"A loaf of bread, a jug of wine, an onion, and Thou..." Help and ideas on 50 lbs of onions, please.
- FoodFuser May 13, 2008 04:04 AM
I just scored 50 lbs of onions at 9 cents a pound. Seemed like the right thing to do.
Rather than a single 50 lb mesh bag, I was able to pick through the pile and get the best and least bruised of the bunch, with firm neck ends and fully dried layers on the exterior, and no black dust. It's a really fine haul of Allium. They are Texas Sweets 1501, akin to Vidalias.
I have a freezer. How would you go about preserving this harvest for use over the next few months?
Freezing will ruin raw onions. Keep in a very cool, dark place.Keep as much as you can in the produce draws of your fridge, and enjoy. That would be about a 2 month supply for me, but that's a lot for one purchase. Make onion preserves, sauces that you can hot pack to preserve (onions basically turn to mush when frozen), onion tarts, a lot of salads, onion soup (you can freeze that), roast them, fry them, put them in every dish you make...
Saute 'em, bag 'em into usable amounts, throw into freezer, yank back out when sauteed onions are called for and throw back into pan. Wicked good and easy.
I second the onion soup. I carmelize the onions and slowly saute in a big pot until deep brown and just a tiny fraction of the original volume of the onions. The total volume of the soup will be about the same as the volume of onions with which you started.
You can freeze the cooked onions and add to other things such as soups or omlettes. The easy way is to spray an ice cube tray with oil (for easy removal) and freeze in chunks to use as needed.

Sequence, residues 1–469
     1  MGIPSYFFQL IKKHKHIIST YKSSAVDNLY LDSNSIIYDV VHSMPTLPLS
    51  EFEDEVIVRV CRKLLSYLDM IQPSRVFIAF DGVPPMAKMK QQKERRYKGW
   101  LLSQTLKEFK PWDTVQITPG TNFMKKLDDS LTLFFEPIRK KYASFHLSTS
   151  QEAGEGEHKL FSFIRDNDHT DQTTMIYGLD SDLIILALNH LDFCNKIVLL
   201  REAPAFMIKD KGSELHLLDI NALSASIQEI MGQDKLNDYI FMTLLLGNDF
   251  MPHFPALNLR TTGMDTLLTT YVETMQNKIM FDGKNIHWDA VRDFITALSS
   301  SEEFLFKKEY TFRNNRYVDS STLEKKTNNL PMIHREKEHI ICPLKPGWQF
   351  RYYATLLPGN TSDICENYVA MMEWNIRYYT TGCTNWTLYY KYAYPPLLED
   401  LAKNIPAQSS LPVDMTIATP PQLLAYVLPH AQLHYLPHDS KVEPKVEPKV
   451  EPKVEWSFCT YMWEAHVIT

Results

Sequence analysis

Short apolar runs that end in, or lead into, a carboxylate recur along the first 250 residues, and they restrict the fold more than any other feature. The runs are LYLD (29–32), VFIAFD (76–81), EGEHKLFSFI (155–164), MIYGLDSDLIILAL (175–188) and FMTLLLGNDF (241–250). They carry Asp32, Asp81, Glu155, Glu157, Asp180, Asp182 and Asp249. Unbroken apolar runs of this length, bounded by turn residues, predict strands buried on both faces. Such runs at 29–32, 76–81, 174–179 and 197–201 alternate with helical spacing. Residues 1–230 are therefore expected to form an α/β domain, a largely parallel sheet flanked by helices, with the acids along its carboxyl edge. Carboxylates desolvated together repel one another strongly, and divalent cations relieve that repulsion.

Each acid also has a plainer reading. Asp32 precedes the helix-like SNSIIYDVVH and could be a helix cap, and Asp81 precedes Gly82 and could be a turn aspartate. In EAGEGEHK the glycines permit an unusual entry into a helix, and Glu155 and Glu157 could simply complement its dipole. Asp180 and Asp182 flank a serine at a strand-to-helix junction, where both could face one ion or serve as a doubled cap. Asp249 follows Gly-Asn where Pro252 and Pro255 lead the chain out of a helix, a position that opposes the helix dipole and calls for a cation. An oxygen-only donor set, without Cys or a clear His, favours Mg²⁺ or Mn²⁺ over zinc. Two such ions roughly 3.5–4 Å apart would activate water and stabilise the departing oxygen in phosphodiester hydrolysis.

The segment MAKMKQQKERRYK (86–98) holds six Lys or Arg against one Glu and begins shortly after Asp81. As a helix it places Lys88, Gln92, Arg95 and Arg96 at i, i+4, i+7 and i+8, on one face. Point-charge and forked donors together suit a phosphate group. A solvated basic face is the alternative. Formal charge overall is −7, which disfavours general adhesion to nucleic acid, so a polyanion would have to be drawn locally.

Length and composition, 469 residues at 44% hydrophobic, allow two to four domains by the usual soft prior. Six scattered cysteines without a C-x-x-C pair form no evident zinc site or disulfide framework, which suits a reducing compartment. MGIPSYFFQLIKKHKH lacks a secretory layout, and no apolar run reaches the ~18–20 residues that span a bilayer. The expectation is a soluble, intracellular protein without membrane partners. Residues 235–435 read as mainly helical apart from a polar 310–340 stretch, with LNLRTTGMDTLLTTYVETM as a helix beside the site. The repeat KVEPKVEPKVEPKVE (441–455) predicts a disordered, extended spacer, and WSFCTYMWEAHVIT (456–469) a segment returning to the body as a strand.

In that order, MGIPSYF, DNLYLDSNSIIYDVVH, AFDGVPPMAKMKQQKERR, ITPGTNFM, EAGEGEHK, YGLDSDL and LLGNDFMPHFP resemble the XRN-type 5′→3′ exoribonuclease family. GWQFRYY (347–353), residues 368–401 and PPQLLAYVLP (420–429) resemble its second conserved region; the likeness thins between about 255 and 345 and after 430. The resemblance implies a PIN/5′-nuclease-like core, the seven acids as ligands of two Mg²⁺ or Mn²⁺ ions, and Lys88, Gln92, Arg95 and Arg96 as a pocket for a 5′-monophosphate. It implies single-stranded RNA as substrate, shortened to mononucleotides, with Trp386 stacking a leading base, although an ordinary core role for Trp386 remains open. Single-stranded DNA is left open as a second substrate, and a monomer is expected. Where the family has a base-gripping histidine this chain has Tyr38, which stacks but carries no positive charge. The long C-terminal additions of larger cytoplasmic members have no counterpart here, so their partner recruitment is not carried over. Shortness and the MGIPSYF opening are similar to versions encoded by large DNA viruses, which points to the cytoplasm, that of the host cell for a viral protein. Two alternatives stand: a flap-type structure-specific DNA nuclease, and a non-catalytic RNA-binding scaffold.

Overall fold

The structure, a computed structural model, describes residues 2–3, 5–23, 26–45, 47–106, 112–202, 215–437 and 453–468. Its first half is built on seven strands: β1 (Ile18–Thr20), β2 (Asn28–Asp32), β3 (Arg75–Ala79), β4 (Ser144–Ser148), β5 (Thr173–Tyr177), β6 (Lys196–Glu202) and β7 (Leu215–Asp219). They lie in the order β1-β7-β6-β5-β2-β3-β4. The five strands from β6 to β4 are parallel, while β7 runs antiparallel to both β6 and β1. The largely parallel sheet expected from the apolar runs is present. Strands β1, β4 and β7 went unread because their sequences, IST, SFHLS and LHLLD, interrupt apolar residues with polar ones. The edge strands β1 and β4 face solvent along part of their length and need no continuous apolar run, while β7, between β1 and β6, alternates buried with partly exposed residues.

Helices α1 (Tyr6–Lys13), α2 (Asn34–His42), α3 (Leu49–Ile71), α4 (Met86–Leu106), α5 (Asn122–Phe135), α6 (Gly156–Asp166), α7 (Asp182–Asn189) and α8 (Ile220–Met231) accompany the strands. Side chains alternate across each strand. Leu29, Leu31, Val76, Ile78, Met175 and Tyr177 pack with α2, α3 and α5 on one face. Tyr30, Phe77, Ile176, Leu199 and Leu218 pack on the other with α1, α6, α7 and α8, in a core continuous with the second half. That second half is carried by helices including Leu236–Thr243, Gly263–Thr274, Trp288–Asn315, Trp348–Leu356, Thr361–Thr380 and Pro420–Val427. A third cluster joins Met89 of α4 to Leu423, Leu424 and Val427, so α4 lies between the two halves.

I had a 50 lb. bag of onions to use up about a year ago also. Mine were Peruvian sweets - really good onions, that I got free. Did you know there are 5000 recipes for onions on Epicurious? (although that includes a lot of variations on the same thing - onion and bacon tarts, for instance). I made several of those, and a couple of big batches of onion soup. And of course I use onions in just about everything I cook anyway. Even then I ended up giving away quite a lot of onions, and, sadly, some did go bad before I used them.
Roast 'em with a little butter and salt = side dish (even better with fresh herbs)
Broil them with some unpeeled garlic and whole jalapeno, puree with canned, crushed tomatoes, cilantro, red wine vinegar, and salt, and you have addictively delicious salsa.
I'd also make some mjadra--lots of browned onions and lentils, served either with rice or on pita as a sandwich, with yogurt sauce. Spelling varies--it's a Lebanese dish. Some cooks add various spices such as cumin or cinnamon.
OP here. Figured I'd wait till I saw how the storage outcomes manifested over time to give thanks and report.
(And, to corporate CNET: waited 15 minutes to repost this after the rotating circle. Please: let's get professional.)
Moved out to the deck (has table, fan, and wok) to process them on the mandoline.
1) Dried onions, small dice, in dehydrator placed outside for odor. (In an earlier phase in life, I dried them a) indoors then b) in the hot summer car. Both left a odiferous legacy that is best corrected by placing the dehydrator outdoors). I love dried onions... when reconstituted they bring a stronger taste, just like dried mushroom, shrimp, etc.
2) Sauted for frozen storage. They truly are better if sauted before freezer, then brought out for mirepoix uses.
3) Made the confit for a bread spread.
4) Did a LOT of caramelized, using mandoline, then hot wok, then to the 2 crockpots, then added a slurry of concentrated beef base, then to the freezer. Come first frost: Let there be soup.
5) Pantyhose storage has performed VERY well. Dropped in one at a time, knotting each one into its own hammock. A really cool tip was to slit the upper portion of the hammock of each onion, to allow for an easy reach-in for turning, and upon later season removal, the pantyhose leg will be ready to receive another years storage without having to go thru all the tying of knots each year.
6) Those were the "storage of harvest" techniques. Once the mandoline was onto the process, I made, for immediate consumption, an embarrassing amount of fried onion shreds.
Thanks for your help.
I have close friends who buy large quantities of Texas Sweets. They wrap each onion in a paper towel, then store them in the crisper drawers in the extra frig in the garage. They last for many, many months that way.